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Willamette River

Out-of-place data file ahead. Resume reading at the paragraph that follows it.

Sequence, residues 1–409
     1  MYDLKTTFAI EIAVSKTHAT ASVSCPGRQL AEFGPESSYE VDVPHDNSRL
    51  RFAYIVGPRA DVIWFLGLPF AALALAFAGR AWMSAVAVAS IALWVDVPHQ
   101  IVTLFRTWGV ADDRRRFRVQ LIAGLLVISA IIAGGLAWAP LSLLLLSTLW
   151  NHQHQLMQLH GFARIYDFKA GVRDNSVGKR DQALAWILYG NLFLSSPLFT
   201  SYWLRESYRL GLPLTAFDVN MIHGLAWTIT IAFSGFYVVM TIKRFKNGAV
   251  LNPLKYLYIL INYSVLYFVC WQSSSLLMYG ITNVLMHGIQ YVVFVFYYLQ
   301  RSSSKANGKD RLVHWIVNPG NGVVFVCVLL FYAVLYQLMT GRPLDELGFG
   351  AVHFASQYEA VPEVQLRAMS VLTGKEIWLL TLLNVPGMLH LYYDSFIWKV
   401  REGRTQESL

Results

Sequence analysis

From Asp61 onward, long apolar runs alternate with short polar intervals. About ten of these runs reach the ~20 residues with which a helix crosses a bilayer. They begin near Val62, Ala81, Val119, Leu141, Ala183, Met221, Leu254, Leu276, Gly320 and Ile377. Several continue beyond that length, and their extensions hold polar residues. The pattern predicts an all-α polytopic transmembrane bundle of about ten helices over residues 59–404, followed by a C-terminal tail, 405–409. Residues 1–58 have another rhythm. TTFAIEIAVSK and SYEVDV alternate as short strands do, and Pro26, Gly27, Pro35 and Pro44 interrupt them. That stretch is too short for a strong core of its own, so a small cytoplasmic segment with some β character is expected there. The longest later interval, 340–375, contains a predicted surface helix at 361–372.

The Willamette River flows entirely within the state of Oregon. It is one of the few American rivers of any size that flow north. From a mountainous region at the head of a valley the Willamette emerges as three forks. The Coast Fork begins as a small mountain stream and joins the Middle Fork that flows from the base of Emigrant Butte. These two forks are then joined by the third fork, the McKenzie. The Willamette was not explored by a single adventurer. In 1792 the English navigator Lieutenant William R. Broughton, a member of the British maritime expedition of Captain Vancouver, sailed up the Columbia and briefly entered the mouth of the Willamette. About 13 years later, William Clark of the Lewis and Clark Expedition advanced a few miles up the river before turning back. In his journal he noted a river he called "the Multnomah," after the tribal nation that resided in the area. It was not until the surge of traders and trappers that the river was explored farther, and it was at that time that the Multnomah became known as the Willamette. The name's current spelling was the result of an 1841 visit by Lieutenant Charles Wilkes of the U.S. Exploring Expedition. In the early 1830s, retiring Hudson's Bay Company employees began to settle on the prairies along the Willamette River, where they had previously trapped. Those early settlers were soon followed by missionaries and then early pioneers. It was with the first settlements that the mills, warehouses and ferry landings were built. The river not only provided a means of transportation, but also a way to transport crops to market. As early as 1846, Robert "Doc" Newell, ex-trapper, operated three flatboats between the Willamette Falls and Champoeg, the center of trade on the middle river. By 1849, the gold discovery in California caused a mass explosion of fortune seekers. Those that stayed, hurried to increase agriculture production to supply the miners' needs. Sawmills and flour mills ran at maximum speed. The landings and ferries operated at full capacity. Today the Willamette River is used extensively for recreation.